The Monmouth County Library was the recipient of the 2012 Circle of Excellence Award, given each year by the Greater Monmouth Chamber of Commerce. The library received the award for the public service category.
The Circle of Excellence Award represents the chamber’s annual search for outstanding contributions to the community. Given in six categories, the Circle of Excellence can be awarded to individuals or organizations.
The public service award is designed to foster a public awareness of the wide range of services and programs offered to the community by the Monmouth County Library, according to the chamber. The awards dinner was held on Thursday, June 7 at the Battleground Country Club in Manalapan.
Accepting the award for the library was Renee B. Swartz, chair of the Monmouth County Library Commission, and Freeholder Lillian G. Burry, liaison to the library.
Swartz has chaired the library commission since 1976, and also serves as chair of the New Jersey Center for the Book (an affiliate of the U.S. Library of Congress). She was recently named the 2012 New Jersey Library Champion by the New Jersey State Library.
Swartz noted that from its modest beginnings in 1923 in the basement of the Hall of Records with 8,500 books, through the years of reliance on a bookmobile to circulate items, the Monmouth County Library has grown to encompass 13 branches and 14 member libraries.
“It is with great pride that the Monmouth County Library accepts the Circle of Excellence Award for Public Service from the Greater Monmouth Chamber of Commerce,” Swartz said. “The library, as the community and cultural center of the county, has as its mission to enrich the quality of life of the residents here in our great county and is the resource that touches us all for lifelong learning, for information access and for recreation. Its doors are always open wide to afford us all the opportunity to reach the American Dream.”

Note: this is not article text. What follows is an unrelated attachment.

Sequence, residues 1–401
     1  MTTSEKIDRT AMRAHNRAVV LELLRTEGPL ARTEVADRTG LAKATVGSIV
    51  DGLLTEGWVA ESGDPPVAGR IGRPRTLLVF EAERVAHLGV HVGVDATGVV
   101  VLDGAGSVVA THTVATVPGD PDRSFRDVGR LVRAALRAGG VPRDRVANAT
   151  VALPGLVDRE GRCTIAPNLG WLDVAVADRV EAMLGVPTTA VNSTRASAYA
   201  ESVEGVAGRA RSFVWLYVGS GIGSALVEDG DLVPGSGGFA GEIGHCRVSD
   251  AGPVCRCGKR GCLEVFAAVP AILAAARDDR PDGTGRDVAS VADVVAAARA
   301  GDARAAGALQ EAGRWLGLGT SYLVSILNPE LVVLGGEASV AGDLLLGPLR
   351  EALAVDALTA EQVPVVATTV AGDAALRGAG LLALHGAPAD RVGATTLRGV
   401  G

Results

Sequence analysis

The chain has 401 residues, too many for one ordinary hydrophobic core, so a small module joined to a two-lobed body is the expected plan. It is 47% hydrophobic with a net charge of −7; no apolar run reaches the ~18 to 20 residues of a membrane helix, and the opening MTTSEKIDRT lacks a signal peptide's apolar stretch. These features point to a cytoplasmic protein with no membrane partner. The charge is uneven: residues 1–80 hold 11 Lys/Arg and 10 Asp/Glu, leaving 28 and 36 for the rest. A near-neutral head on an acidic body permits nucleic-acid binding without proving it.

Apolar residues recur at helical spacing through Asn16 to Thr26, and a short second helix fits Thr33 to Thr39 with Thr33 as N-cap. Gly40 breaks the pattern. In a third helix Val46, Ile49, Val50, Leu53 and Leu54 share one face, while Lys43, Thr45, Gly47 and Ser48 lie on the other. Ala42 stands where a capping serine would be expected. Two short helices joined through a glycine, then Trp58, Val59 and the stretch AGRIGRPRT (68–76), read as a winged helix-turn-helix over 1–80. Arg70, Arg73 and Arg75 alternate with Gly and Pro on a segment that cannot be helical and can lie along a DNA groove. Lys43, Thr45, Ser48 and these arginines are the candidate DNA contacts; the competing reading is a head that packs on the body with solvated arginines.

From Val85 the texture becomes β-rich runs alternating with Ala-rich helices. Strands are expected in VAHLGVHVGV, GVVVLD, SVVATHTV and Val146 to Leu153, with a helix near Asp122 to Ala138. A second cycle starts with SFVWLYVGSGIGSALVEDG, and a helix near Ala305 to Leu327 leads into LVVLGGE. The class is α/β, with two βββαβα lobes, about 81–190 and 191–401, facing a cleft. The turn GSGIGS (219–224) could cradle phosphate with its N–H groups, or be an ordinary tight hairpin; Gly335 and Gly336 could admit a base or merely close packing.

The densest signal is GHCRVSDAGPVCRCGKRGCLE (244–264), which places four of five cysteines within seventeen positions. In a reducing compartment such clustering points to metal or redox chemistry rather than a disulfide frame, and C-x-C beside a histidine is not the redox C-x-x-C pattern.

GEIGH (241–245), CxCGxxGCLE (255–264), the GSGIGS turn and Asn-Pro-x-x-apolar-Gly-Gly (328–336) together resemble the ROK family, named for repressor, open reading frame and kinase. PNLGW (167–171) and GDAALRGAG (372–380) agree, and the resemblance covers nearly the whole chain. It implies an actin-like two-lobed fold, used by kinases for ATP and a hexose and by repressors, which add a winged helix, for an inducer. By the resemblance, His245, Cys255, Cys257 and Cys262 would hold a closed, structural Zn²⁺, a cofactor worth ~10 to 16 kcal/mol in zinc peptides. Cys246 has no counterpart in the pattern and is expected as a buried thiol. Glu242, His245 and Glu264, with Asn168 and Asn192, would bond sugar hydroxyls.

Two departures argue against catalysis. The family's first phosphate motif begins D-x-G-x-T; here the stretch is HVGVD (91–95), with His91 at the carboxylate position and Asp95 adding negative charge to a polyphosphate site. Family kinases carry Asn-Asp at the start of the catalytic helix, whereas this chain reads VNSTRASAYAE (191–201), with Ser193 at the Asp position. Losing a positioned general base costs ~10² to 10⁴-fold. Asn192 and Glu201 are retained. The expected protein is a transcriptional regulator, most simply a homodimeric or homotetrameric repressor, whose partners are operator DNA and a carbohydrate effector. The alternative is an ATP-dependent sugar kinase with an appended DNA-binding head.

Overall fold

Burry, a former Monmouth County Library commissioner, has been the liaison to the Monmouth County Library System since she first began serving as a freeholder in 2006.
“In these challenging times, the library has increasingly become a vital part of the lives of Monmouth County residents,” Burry said. “At the library you can find computer classes, help with your income tax preparation, English language instruction, seminars for first-time homeowners, workshops for SAT preparation, and resources for job seekers, to name but a few. As we say, the library is more than just books.”
More than 230,000 residents hold Monmouth County Library cards. In 2011, the library logged approximately 3 million visits throughout its branches and circulated nearly 4 million items. More than 155,000 people attended 6,829 programs held throughout the 13 library branches.
“We can only guess what the new way to be a library will mean for us and our customers, but we will do our best to provide what they must have to prosper,” library director Kenneth Sheinbaum said. “We will evolve with our community, and I believe our ability to recognize need and to change and grow is really why the award has been made to this institution.”
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